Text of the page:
From UPSC perspective, following things are important:
Prelims level: Structure, functions and objectives of NITI Aayog. Particulars of the three Year Action Agenda, the seven-year policy strategy and the 15-year long-term vision
Mains level: Very important op-ed on planning in future and its challenges. Important for Mains Paper 3: Economy | Indian Economy Issues relating to planning
- The draft “Three Year Action Agenda” of the NITI Aayog has been circulated recently to its governing council
- This draft will be finalised after considering suggestions from the State Governments
- After(Union Government) allowing for the 12th five-year plan to phase itself out, the transition is now complete
- Five-year plans are reminiscent of centrally planned economies; most such countries, like the Soviet Union, China and Romania, had similar planning horizons
Other documents in the pipeline
- The seven-year policy strategy
- The 15-year long-term vision
Objective of Three Year Action Agenda
- It seeks to embark on “a path to achieve all-round development of India and its people” through concerted action.
What are the advantages of a three-year timeline?
- Electoral cycles do not synchronise with (earlier)five-year plans; quite often, this entailed outcome accountability to rest with a successor government.
- But a “Three Year Action Agenda” makes the government in office more directly accountable for the implementation of its plans
- Augmenting the “Three Year Action Agenda” with a seven-year implementable policy strategy and a 15-year vision enables us to look into the future, particularly at evolving technology, demography and ecology, and accordingly align our policies
- The 15-year vision is also somewhat coterminous with the Sustainable Development Goals (SDGs) of the United Nations (UN). The new format thus combines domestic aspiration with global aims.
are the forecasts of macro variables realistic?
- the agenda projects three scenarios for nominal GVA (Gross Value Added), namely, low growth, baseline and high growth.
- The nominal GVA is expected to increase by 11.6 per cent, 12.3 per cent and 13 per cent in the next three years under the baseline scenario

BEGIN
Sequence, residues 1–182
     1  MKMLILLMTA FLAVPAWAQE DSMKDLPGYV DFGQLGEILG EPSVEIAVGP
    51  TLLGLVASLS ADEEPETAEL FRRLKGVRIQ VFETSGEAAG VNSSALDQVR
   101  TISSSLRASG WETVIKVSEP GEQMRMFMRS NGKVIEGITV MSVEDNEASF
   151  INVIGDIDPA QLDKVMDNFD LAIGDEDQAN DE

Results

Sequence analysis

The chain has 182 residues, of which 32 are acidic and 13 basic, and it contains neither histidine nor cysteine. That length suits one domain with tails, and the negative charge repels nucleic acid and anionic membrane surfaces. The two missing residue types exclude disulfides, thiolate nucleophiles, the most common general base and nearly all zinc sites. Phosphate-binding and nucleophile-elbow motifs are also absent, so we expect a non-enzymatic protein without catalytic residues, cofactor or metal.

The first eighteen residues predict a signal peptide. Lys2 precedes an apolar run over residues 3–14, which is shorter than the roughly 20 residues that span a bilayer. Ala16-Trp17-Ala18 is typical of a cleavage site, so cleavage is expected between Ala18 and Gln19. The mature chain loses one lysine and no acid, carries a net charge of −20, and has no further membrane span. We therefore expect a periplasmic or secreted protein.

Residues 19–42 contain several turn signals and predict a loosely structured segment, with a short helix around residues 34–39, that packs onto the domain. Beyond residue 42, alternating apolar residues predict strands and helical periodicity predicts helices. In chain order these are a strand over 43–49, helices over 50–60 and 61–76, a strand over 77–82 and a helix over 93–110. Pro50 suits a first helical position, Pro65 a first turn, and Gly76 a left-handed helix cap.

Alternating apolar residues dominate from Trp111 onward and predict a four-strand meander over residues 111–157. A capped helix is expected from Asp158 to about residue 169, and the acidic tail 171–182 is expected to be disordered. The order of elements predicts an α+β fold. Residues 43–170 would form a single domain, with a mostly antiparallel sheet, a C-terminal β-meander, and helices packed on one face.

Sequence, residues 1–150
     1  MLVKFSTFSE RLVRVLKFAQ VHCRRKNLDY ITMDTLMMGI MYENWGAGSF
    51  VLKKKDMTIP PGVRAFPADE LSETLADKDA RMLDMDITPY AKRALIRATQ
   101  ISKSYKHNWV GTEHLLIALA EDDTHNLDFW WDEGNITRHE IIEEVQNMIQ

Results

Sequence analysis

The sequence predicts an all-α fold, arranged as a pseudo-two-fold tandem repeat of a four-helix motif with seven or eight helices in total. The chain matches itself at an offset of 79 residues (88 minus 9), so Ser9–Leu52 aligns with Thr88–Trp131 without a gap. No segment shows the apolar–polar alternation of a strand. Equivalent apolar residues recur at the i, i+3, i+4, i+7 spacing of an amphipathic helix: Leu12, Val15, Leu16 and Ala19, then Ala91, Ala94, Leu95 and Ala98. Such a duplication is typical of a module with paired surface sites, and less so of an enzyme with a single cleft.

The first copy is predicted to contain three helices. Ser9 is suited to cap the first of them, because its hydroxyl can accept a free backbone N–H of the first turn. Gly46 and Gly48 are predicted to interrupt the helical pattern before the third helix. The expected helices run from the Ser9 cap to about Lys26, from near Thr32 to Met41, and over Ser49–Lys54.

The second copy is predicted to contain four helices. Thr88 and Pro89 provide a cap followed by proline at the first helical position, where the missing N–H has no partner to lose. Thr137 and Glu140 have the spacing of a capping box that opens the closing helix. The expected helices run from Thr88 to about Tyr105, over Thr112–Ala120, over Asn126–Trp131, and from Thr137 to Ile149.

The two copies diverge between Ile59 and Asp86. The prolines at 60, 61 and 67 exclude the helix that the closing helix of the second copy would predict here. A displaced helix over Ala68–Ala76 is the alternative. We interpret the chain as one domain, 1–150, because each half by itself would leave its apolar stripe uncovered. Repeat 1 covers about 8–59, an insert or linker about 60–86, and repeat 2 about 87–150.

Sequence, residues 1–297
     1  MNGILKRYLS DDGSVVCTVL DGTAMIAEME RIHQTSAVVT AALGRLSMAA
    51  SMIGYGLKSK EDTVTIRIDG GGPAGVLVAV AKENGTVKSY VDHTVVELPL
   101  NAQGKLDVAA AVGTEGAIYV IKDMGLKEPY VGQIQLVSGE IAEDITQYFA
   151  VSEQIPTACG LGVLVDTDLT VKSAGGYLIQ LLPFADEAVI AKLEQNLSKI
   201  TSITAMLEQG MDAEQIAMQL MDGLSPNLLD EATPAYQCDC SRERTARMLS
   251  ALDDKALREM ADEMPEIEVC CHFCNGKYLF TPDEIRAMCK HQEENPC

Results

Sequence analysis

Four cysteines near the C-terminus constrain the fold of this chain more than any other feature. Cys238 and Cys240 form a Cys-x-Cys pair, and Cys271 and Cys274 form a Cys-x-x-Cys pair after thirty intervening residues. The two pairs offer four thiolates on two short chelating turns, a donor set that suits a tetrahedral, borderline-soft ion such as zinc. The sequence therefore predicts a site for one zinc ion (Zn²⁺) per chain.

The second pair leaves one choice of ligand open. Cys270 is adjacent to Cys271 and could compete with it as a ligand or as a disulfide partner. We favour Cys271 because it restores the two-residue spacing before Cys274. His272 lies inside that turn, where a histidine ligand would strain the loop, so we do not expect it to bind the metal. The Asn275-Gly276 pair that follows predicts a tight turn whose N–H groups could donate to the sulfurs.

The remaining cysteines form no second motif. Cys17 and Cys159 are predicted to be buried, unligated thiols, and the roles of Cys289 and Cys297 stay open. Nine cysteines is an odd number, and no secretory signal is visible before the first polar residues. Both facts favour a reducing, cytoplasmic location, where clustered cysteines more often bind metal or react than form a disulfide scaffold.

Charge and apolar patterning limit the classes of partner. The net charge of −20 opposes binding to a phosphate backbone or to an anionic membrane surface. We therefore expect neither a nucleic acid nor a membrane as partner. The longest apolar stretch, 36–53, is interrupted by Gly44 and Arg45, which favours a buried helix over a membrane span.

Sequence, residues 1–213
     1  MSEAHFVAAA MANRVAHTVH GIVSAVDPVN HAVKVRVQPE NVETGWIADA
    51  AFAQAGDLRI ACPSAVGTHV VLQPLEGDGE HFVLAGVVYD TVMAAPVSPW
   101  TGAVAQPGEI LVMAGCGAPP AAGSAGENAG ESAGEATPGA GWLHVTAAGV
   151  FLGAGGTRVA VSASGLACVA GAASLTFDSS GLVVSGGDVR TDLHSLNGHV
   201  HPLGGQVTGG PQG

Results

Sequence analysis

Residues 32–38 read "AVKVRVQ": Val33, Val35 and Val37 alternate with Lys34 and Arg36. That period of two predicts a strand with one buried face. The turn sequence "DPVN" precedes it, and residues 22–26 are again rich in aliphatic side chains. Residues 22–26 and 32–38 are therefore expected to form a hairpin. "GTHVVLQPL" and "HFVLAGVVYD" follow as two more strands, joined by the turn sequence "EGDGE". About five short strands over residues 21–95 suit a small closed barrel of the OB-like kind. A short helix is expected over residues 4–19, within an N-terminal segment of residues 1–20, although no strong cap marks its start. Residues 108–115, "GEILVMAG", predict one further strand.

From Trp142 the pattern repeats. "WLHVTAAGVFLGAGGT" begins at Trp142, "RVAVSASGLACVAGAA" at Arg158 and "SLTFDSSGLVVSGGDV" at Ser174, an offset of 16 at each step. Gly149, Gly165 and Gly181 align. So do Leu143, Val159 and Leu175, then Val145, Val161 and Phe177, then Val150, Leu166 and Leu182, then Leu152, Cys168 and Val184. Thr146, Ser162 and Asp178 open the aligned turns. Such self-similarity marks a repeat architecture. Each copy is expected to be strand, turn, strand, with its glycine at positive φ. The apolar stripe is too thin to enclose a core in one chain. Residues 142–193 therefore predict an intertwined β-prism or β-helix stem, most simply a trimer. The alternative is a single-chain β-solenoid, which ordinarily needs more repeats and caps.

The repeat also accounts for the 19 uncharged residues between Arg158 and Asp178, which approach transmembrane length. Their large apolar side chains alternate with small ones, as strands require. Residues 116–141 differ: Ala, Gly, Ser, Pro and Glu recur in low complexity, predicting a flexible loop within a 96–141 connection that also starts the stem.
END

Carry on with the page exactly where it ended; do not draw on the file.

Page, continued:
- These growth forecasts are aligned with recent trends and expectations of both national and international agencies
- Relying on the proposals forwarded by the Fiscal Responsibility and Budget Management (FRBM) Review Committee, the action agenda estimates a fall in the share of non-development revenue expenditure, both as a proportion of total budget expenditure and GDP ,As ill-advised distinction between revenue and capital expenditures has spurred a misallocation of resources
- The Gross Tax Revenue (GTR) forecasts under the “low growth” scenario closely resemble the rolling targets outlined in the Medium Term Fiscal Policy Statement of Budget 2017-18.
- The direct tax to GDP ratio is expected to increase
how likely are we to achieve these targets?
- Given the healthy state of the Indian economy, downside risks to achieving growth targets largely emanate from exogenous factors: Unfavourable monsoons, global protectionist trends and spikes in oil prices could impinge our twin deficits
- Fortunately, a more robust approach on disinvestment and seeking strategic alliances is a positive factor. The public listing of PSUs will enable improved price discovery
how can we ensure effective implementation of the action agenda?
- The proposed plan needs broader support
- Important: Part of the problem is the current design of parliamentary processes and the milieu in which standing committees of Parliament examine various ministries
- More specifically, the Standing Committee on Finance examines matters related to three separate ministries, namely, finance, corporate affairs and statistics and programme implementation, along with the erstwhile Planning Commission
- There was scant attention given to or time available for analysing the broader issues of the five-year plans. We must prevent the NITI Aayog from meeting the same fate
- It would be advantageous to constitute a separate parliamentary committee on planning, which could meaningfully engage with the NITI Aayog’s policy prescriptions
- Delinking planning from finance has distinct advantages as functions of the treasury are neither symmetric, nor co-terminus with broader development issues
- Such separations would also be in line with best global practices
- Also, in the notification constituting the NITI Aayog, there is a provision to form “Regional Councils to address specific issues impacting more than one state or a region”. This is the right time to implement this enabling mandate